Cookies Policy

This site uses cookies. By continuing to browse the site you are agreeing to our use of cookies.

I accept this policy

Find out more here

Marks of Oppression: A Postcolonial Reading of Paul's Stigmata in Galatians 6:7

No metrics data to plot.
The attempt to load metrics for this article has failed.
The attempt to plot a graph for these metrics has failed.
The full text of this article is not currently available.

Brill’s MyBook program is exclusively available on BrillOnline Books and Journals. Students and scholars affiliated with an institution that has purchased a Brill E-Book on the BrillOnline platform automatically have access to the MyBook option for the title(s) acquired by the Library. Brill MyBook is a print-on-demand paperback copy which is sold at a favorably uniform low price.

Access this article

+ Tax (if applicable)
Add to Favorites
You must be logged in to use this functionality

image of Biblical Interpretation

In this essay I examine Gal. 6.17 in hopes of recovering an interpretation of Paul that demonstrates Paul's self-identity as a slave. To be more specific, I investigate Gal. 6.11-17 in light of current studies in postcolonialism, in order to see the influences that the Roman Empire had upon Paul in regard to Paul's understanding of his stigmata ('marks'). The purpose of this article is (1) to evaluate the contemporary historical and social-scientific interpretations of the stigmata and argue for the importance of understanding these 'marks' in light of ancient rhetoric, (2) I will argue to situate this discussion within a postcolonial dialogue with a specific definition of postcolonialism that rejects overly simplistic 'dualistic' rubrics and investigates a text looking for domination/coordination/subordination relationships, (3) reconsider Paul's stigmata in light of the slavery metaphor by comparing Paul's stigmata to the ancient slave concept of basanos, and (4) offer a new interpretation of the stigmata as it reveals Paul's suppressed status as a colonized Jew looking for an alternative language to express his deep need for a master worthy of his loyalty. The results may be less than desirable, but I hope to both make people aware of the slave metaphor, and stimulate thought as to other meaningful metaphors that might be considered to understand Paul's relationship to Christ as it is conceived within a postcolonial optic.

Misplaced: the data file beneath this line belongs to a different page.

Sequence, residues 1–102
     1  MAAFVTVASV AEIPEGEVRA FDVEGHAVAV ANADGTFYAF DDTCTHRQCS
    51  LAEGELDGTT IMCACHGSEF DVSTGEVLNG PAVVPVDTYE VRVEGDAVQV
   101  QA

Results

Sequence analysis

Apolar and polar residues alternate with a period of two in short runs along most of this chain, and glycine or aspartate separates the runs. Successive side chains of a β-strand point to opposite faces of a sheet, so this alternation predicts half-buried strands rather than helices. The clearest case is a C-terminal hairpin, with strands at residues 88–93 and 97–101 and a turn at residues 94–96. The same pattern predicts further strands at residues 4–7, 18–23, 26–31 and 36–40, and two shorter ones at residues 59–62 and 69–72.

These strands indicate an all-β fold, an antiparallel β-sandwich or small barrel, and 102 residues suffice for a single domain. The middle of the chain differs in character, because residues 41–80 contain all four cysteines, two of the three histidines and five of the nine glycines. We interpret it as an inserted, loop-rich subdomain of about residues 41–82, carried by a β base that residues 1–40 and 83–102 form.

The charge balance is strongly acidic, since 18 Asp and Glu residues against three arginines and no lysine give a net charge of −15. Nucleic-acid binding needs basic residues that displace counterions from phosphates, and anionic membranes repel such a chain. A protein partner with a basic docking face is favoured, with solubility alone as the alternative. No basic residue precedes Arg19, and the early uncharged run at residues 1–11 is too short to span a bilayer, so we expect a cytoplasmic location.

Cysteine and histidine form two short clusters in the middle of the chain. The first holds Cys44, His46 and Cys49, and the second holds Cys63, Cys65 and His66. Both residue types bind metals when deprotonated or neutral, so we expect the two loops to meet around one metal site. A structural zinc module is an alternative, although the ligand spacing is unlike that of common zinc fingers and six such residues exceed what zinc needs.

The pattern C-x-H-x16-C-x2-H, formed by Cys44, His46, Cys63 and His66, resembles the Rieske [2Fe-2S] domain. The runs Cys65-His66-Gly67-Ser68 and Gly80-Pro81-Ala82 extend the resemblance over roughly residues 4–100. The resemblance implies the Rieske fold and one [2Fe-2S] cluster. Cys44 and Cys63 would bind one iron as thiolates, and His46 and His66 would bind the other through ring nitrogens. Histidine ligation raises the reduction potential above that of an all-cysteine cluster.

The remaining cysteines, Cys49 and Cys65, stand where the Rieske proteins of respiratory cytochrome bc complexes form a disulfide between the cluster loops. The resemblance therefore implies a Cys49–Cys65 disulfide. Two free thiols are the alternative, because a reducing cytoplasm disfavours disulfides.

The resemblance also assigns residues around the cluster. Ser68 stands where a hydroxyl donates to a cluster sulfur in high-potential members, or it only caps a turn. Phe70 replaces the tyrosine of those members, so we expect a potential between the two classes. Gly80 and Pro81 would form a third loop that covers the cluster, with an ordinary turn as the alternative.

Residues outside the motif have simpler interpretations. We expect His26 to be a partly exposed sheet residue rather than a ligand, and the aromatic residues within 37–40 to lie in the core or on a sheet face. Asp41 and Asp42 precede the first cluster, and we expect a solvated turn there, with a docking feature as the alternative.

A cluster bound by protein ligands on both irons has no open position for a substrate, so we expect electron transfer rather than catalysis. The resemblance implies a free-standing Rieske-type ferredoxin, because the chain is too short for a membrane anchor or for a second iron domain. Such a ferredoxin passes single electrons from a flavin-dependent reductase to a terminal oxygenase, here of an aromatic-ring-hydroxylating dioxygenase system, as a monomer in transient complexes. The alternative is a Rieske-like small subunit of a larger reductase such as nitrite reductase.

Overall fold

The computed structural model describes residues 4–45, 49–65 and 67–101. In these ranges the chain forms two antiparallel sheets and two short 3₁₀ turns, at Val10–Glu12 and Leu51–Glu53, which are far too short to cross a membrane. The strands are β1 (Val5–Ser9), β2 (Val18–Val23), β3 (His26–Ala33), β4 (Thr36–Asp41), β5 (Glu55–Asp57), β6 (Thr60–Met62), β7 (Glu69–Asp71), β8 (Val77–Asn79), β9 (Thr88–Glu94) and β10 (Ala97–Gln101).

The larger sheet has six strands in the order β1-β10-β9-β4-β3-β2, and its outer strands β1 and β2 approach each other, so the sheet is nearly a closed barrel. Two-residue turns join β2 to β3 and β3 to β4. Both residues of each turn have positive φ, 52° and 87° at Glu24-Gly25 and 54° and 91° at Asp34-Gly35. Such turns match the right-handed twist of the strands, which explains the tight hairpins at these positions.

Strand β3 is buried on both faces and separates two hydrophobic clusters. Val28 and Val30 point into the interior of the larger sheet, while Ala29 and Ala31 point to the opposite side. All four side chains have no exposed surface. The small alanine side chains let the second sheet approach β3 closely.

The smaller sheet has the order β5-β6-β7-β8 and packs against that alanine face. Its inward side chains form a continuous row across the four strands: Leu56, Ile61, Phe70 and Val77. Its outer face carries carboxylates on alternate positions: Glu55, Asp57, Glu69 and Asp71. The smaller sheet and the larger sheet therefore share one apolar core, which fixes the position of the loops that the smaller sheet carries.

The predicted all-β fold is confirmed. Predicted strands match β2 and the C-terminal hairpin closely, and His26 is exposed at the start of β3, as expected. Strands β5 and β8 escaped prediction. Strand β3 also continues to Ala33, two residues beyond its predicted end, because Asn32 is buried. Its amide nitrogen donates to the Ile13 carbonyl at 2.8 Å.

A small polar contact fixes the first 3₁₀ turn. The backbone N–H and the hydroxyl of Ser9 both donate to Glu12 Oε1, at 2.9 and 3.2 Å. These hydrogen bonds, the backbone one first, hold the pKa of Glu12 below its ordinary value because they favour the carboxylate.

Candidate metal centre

Affiliations: 1: Heritage Christian University


Full text loading...


Data & Media loading...

Article metrics loading...



Can't access your account?
  • Tools

  • Add to Favorites
  • Printable version
  • Email this page
  • Subscribe to ToC alert
  • Get permissions
  • Recommend to your library

    You must fill out fields marked with: *

    Librarian details
    Your details
    Why are you recommending this title?
    Select reason:
    Biblical Interpretation — Recommend this title to your library
  • Export citations
  • Key

  • Full access
  • Open Access
  • Partial/No accessInformation